Ovaries produce female hormones (Estrogen and Progesterone). If the ovaries are surgically removed, it causes a rather abrupt “surgical menopause” as the female hormones are now not produced in your body.  It is due to this reason that your gynaecologist advised you to take hormone supplements. On the advise of your family doctor when you stopped taking the hormone tablets, you started producing menopausal symptoms which are inevitable for every menopausal woman due to withdrawal of female hormones. The loss of interest in sex, mood swings, fluctuating BP are the symptoms of menopause. Menopausal symptoms can be managed successfully with treatment. I advise you to consult a gynaecologist for the management of your menopausal symptoms.

Choice of life partner
My parents are pressuring me to get married to a guy they have chosen. But I don’t like the guy and find him creepy. But the problem is that they have been trying to find a match for me since last few months, none of which worked out. So they think if they let go of this guy, I will not find a better match, because he is educated, earns a lot of money and is well-settled. But the thing is I really don’t think he is my type. I have met him a couple of times and haven’t liked his thinking. What should I do?

You owe it to yourself, the guy and your parents that you are completely honest about how you feel about this match. Communicate to your parents that while you understand their concerns over your marriage, it is equally important that you do not merely marry out of a sense of guilt over their concerns. We are sure your parents do not want you to be unhappily married, or then have a broken marriage if things do not work. Communicating the same to them might help them see the light.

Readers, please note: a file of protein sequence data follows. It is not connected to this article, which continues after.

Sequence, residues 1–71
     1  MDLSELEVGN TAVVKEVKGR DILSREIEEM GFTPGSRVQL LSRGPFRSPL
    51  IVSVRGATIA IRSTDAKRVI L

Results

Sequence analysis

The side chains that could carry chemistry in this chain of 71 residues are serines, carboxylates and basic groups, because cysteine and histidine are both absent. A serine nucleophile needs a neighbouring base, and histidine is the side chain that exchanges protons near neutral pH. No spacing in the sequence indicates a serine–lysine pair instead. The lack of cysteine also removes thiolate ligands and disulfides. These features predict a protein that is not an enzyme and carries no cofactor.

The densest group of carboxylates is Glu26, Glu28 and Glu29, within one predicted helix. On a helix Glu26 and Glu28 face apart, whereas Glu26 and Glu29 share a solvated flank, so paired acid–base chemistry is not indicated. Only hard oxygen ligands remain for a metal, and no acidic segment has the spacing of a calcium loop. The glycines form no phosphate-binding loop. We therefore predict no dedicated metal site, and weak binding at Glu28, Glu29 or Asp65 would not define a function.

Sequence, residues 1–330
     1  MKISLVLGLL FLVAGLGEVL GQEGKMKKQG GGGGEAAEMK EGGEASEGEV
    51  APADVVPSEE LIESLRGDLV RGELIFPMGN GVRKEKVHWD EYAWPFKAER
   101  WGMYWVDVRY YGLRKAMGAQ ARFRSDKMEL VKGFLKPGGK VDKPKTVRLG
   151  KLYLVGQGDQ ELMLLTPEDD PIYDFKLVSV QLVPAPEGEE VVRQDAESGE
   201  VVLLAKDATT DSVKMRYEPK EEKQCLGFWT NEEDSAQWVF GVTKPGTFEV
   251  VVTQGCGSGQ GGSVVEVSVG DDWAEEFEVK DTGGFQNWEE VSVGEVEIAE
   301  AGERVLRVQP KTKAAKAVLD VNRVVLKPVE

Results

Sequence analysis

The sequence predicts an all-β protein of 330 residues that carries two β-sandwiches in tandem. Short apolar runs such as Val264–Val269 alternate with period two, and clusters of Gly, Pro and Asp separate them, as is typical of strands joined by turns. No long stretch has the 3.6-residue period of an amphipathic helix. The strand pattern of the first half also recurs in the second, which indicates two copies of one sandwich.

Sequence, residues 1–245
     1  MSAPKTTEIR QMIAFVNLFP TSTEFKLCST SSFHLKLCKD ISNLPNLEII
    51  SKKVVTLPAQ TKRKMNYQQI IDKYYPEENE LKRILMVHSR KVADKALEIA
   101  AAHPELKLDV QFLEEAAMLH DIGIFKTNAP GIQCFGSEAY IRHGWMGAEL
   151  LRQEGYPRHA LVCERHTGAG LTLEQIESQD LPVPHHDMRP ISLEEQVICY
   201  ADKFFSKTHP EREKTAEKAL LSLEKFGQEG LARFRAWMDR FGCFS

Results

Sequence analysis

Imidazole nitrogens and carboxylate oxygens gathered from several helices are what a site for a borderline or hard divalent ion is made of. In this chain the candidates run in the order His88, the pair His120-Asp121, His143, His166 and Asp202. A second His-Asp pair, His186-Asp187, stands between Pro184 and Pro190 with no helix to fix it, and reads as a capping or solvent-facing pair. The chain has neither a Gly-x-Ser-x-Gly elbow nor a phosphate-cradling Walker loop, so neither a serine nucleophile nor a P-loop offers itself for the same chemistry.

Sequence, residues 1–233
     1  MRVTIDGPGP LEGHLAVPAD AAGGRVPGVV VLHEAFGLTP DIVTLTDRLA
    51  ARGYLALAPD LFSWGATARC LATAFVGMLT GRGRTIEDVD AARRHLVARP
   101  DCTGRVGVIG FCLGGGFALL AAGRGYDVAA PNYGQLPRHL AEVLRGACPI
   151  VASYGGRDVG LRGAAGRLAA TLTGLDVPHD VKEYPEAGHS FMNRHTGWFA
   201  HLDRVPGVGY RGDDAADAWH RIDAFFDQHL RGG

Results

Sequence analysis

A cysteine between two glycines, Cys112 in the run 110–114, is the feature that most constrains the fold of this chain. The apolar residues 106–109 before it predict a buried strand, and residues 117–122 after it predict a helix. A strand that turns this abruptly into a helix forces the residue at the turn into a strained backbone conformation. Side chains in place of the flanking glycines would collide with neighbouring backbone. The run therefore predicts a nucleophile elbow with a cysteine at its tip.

On your part, it is important that since you are open to an arranged match, you give yourself and the guy (this guy or any other guy) adequate opportunity to know each other before concluding about compatibility.  Today it is easy to communicate via e-mail in order to understand views of each other on various issues. It is only after sufficient communication on relevant matters that one can truly assess compatibility. If you have sufficient evidence to point out incompatibility with the present guy, share it with your parents in a mature way, and point out those areas where things could go wrong for both of you. If they truly care for your sustained happiness they will step back and look for a more compatible match.

Pretending orgasm
When I don’t experience an orgasm during a sexual intercourse with my husband, should I tell him or should I pretend an orgasm? Is there a way to ensure climaxing for myself?

It is absolutely not advisable to simulate or pretend an orgasm, but you should explain to your husband that you are OK with not climaxing once in a while as long as there is emotional intimacy. If you find it difficult to orgasm more often, then may be you need to explore different ways of foreplay and communicate to your husband about what pleasures you. With a satisfying and extended foreplay, it might be easier for you to experience orgasm. Moreover, adopting the female superior (woman-on-top) position also increases your chances of experiencing an orgasm. If none of these measures work, take a professional opinion to rule out any physiological causes.